Musician David Crosby
Singer ~ Songwriter
Byrds ~ Crosby Stills Nash (& Young)
birth name: David Van Cortlandt Crosby

David Crosby

August 14, 1941, Los Angeles, CA

The captain of the 74-foot schooner ‘Mayan’ has been at-home on the water for a long time. “I started sailing when I was 11,”Crosby said, “and so I've been sailing 54 years.” This wooden ship is one constant in a life that's seen its share of ups and downs. ~ CBS News: The Life and Wild Times of David Crosby ~ January 20, 2008 © CBS News

David Crosby's musical career has been a long and productive one, despite repeated interruptions due to his much-publicized troubles with drugs and the law. Crosby first sang professionally with his brother, Ethan, in a folksinging duo. They played small clubs and coffeehouses around Los Angeles for a time before David hit the road as a solo act. For a few years he led a vagabond existence, barely eking out a living. Things changed drastically after he joined forces with another folkie, Roger McGuinn, and began experimenting with electronic amplification. By the summer of 1964, they had induced Gene Clark, Chris Hillman, and Mike Clark to join them in a new group called the Byrds. ~ Musicianguide: David Crosby ~ retrieved August 12, 2014 © Musicianguide

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Honoring musicians. Celebrating birthdays. Remembering death days.

August 14, 2004 ~ Billboard Hot 100 ~ #3 (2) Usher, COnfession Part II ~ #2 (3) Terror Squad, Lean Bacj ~ #1 (1) Juvenile featuring Soulja Slim, Slow Motion

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David Crosby ~ Inducted in the 2009 Songwriters Hall Of Fame.

As a Session musician, guest or band member

The Jefferson Airplane ~ Volunteers (1969) ~ Ranked #373 Rolling Stone 500 Greatest Albums Of All Time in 2012 ~ Guitarist Jorma Kaukonen called Paul Kantner's revolutionary cheerleading “naive,” but that didn't prevent the band from delivering this album with sweeping fervor. ~ 2012 © Rolling Stone

The Byrds

The Byrds pioneered folk-rock, combining traditional acoustic music with early Sixties pop. The group's signature sunny melodies, lush harmonies, and ringing 12-string guitars - as well as their eventual exploration of psychedelic rock - made for some of the decade's best singles. The band continued to do strong work (including foray into country), establishing a sonic model for many of the Seventies biggest rock bands, including the Eagles, Tom Petty, and the latter-day Fleetwood Mac. ~ Rolling Stone: the Byrds ~ retrieved April 17, 2014 © Rolling Stone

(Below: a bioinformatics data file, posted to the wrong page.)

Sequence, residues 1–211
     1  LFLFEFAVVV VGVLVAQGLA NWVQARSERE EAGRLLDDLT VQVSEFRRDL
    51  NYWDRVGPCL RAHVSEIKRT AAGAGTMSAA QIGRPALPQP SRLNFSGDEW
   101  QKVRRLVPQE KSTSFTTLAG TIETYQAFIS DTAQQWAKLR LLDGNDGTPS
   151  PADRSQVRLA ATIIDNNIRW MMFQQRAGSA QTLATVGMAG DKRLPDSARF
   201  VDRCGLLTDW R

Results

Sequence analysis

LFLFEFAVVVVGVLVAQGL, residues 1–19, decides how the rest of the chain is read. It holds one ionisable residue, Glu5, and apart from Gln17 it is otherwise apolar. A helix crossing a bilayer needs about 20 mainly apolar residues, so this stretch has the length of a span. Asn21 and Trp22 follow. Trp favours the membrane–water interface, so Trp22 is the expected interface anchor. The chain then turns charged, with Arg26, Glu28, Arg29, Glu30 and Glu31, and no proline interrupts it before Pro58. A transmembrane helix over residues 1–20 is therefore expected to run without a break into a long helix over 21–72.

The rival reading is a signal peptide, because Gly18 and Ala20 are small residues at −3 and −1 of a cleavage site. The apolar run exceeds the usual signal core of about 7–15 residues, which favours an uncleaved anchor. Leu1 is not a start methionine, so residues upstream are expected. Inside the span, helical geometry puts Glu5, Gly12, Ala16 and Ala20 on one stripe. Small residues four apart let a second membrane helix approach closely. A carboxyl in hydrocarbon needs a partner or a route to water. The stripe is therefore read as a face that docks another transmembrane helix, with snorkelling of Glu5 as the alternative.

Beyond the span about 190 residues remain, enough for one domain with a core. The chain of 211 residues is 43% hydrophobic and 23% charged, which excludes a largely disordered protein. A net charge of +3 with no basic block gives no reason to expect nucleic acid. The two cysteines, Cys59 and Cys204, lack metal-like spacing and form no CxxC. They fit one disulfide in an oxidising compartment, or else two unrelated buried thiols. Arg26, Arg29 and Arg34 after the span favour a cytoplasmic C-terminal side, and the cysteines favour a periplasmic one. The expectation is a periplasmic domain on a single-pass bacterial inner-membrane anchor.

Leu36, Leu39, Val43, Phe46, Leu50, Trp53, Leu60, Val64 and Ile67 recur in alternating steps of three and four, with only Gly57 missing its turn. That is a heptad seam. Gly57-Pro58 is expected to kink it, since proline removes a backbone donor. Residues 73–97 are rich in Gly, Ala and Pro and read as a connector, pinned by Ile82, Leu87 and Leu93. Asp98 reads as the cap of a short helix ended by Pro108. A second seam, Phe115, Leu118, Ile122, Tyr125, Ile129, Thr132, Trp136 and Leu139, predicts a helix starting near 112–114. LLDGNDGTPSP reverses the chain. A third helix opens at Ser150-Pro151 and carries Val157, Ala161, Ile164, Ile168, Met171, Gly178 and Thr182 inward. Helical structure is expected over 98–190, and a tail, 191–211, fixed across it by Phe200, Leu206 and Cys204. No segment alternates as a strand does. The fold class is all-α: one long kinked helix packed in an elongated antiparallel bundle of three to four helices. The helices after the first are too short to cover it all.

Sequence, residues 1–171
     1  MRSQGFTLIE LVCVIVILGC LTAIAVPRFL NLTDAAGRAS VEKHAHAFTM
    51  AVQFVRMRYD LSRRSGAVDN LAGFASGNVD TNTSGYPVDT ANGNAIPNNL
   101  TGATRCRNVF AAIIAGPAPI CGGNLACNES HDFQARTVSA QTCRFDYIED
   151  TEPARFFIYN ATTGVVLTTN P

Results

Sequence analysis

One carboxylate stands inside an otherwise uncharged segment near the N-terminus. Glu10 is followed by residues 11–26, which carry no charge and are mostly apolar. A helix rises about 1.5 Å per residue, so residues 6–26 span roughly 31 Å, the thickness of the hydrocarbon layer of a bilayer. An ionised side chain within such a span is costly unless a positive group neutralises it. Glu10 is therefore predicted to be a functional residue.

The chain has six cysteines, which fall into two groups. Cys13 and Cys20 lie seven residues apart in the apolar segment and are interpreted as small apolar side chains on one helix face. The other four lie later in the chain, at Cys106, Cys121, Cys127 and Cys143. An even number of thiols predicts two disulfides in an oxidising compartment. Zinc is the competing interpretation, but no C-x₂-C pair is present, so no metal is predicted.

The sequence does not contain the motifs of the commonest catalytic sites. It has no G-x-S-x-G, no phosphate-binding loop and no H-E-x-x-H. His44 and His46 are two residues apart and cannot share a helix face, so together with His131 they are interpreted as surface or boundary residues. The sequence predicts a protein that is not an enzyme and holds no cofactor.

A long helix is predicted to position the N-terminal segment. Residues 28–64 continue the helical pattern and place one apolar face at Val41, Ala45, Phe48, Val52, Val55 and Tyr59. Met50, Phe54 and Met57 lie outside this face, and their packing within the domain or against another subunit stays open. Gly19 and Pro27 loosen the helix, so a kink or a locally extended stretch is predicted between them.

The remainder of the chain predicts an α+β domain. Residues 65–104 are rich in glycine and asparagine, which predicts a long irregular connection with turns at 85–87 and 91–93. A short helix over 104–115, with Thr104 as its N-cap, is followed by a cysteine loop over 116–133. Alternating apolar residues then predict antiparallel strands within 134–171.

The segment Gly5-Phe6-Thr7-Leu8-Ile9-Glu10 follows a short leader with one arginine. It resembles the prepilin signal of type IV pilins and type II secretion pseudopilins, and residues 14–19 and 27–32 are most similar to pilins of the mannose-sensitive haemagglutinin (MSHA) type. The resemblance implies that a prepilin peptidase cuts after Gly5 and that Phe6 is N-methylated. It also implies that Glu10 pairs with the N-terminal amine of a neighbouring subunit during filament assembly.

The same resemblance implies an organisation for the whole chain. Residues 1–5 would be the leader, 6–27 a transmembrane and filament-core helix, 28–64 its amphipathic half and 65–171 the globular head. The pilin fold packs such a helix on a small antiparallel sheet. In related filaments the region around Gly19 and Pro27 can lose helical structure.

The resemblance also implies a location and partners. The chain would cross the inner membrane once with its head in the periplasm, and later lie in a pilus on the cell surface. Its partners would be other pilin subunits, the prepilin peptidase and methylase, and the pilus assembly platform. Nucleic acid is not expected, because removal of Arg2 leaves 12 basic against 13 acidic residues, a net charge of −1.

The Byrds ~ Inducted in the 2006 Vocal Group Hall Of Fame.

Crosby, Stills, Nash (& Young)

The middle to late 1960s was a very tumultuous time all over the world. Students, women, and the disenfranchised were standing up to protest against what they felt were discriminating and oppressive societies. Culture, as a whole, was swept up and into the politically and socially relevant movements of the era. Pop music was no exception. Introspection and often times politically astute observations were not only the province of folk artists, they even managed to find homes in the works of such rock artists as Bob Dylan and Crosby, Stills, and Nash. What set Crosby, Stills, and Nash apart from other protest artists were their pure and clear harmonies. Their inspired lyrics and song writing helped to set the stage for the emergence of the singer-songwriter movement of the early 1970s. ~ Musicianguide: Crosby, Stills & Nash ~ retrieved November 9, 2013 © Musicianguide

Crosby Stills & Nash ~ Inducted in the 1997 Rock & Roll Hall Of Fame.

Crosby, Stills, Nash & Young ~ Déjà Vu (1970) ~ #61 VH-1 R&R's All Time Top 100 Albums in 1999.



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